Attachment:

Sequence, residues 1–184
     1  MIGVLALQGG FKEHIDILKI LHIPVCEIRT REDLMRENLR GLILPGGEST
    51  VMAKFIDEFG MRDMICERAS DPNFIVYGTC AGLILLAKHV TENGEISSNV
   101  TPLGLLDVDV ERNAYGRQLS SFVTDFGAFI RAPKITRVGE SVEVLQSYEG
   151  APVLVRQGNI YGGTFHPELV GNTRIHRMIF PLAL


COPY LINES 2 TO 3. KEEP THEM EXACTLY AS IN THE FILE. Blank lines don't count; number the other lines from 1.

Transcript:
     1  MIGVLALQGG FKEHIDILKI LHIPVCEIRT REDLMRENLR GLILPGGEST
    51  VMAKFIDEFG MRDMICERAS DPNFIVYGTC AGLILLAKHV TENGEISSNV